Roy Moore accuser alters story on yearbook signing, to hold press conference

Kristopher Drake
December 13, 2017

One of the nine women accusing Republican Senate candidate Roy Moore of sexual misconduct doubled down Friday on her allegations, even while changing one detail of her story.

Although Nelson has emphasized that the yearbook note itself is from Moore, her notation is likely to fuel the skepticism of Moore supporters, who have said the entire yearbook entry is a fabrication.

Republican Roy Moore is running in Alabama's special Senate election Tuesday in a race that has parallels with Donald Trump's White House run.

Earlier on Friday, Nelson told ABC's "Good Morning America" that the date and location that appear directly below the inscription were, in fact, notes that she had added herself after Moore signed her yearbook.

'Maybe, you know, he could be doing this still. "I guess we as women don't matter because we are not part of the old boys club", Nelson said.

This is a developing story.

Beverly Nelson is fighting for credibility Friday. Against all odds, Moore has weathered sexual misconduct allegations while applying the same unorthodox playbook that many political operatives said wouldn't work for anyone but Trump. That text consists of the location, the date and the initials "D.A." after the signature that Nelson says is Moore's.

Ms Nelson said she added the note beneath the signature because that is common practice for autograph collectors.

Nelson did not indicate when she annotated the yearbook inscription.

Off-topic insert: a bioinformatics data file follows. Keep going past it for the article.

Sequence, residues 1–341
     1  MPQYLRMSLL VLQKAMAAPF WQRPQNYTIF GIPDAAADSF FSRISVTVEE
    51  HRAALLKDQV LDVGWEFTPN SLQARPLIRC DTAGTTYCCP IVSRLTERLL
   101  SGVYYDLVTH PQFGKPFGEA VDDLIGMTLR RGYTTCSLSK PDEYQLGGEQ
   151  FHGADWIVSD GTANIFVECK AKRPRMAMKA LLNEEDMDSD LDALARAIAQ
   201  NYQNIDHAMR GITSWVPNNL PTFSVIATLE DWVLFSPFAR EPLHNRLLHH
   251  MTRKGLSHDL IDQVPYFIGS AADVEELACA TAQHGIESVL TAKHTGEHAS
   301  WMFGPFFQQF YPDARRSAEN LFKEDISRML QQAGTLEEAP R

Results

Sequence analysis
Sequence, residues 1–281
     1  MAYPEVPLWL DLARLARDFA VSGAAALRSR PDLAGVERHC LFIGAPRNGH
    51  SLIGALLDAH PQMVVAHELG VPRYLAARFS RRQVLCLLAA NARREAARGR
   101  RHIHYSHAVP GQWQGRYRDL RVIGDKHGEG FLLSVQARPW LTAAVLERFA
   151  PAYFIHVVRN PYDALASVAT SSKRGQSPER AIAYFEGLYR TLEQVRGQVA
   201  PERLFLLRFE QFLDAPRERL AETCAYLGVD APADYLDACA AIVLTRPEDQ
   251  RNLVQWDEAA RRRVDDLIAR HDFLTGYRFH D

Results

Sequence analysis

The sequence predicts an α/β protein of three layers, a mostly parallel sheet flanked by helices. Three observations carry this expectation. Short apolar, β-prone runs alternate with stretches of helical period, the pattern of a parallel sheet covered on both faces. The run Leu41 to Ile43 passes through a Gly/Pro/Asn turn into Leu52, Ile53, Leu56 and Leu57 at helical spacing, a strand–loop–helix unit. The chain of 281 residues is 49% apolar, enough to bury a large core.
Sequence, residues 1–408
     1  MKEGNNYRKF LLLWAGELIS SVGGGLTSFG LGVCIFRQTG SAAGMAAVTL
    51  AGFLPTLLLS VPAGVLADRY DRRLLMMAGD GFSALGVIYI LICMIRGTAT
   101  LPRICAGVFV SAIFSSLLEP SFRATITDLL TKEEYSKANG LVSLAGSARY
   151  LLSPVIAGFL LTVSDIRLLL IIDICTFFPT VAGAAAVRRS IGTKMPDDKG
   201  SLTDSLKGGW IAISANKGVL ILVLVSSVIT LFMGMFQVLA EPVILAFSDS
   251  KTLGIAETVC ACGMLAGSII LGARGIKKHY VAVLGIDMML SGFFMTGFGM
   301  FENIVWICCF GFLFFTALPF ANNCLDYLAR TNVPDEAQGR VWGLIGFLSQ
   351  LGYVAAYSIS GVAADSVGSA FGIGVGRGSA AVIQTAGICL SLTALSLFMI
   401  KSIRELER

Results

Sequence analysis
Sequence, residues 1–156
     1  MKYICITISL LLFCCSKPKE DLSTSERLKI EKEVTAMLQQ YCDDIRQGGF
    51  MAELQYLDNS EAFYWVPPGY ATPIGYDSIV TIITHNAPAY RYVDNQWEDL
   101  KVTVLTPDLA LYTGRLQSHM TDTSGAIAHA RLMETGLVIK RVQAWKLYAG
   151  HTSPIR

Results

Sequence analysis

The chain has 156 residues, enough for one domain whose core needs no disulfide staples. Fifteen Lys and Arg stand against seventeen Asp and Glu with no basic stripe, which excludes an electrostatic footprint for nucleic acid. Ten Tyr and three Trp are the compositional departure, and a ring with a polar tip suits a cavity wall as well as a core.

Attorney Phillip Jauregui says that during the original news conference, when the allegations came to light, Nelson claimed everything written in the year book was written by Moore.

In November 2017, the run-up to an election to fill a vacant U.S. Senate seat in Alabama became one of the most contentious political issues of the year when multiple women came forward and accused the Republican candidate, a former district attorney and state judge, of sexual assault. They did not answer any reporter questions.

He went on to make a now-familiar argument for electing Moore, saying the country can't afford to have a "liberal Democrat" representing Alabama in the Senate.

"To a sweeter more handsome girl I could not say Merry Christmas".

"We did not ask the expert to examine the printing after the cursive writing and signature", Allred said Friday. Moore advisers have also noted that in the past, Moore had an assistant with the initials "D.A.", which would be printed next to Moore's signature when she signed documents on his behalf with a stamp. "We've always said in the end truth will be known". One week before the incident, Moore had left a note in her high school yearbook, according to Nelson. One woman, Leigh Corfman, said she was 14 and Moore was 32 when he took her to his house, gave her alcohol and touched her sexually. The same poll showed Moore with 49-percent of the vote compared to Jones 43-percent.

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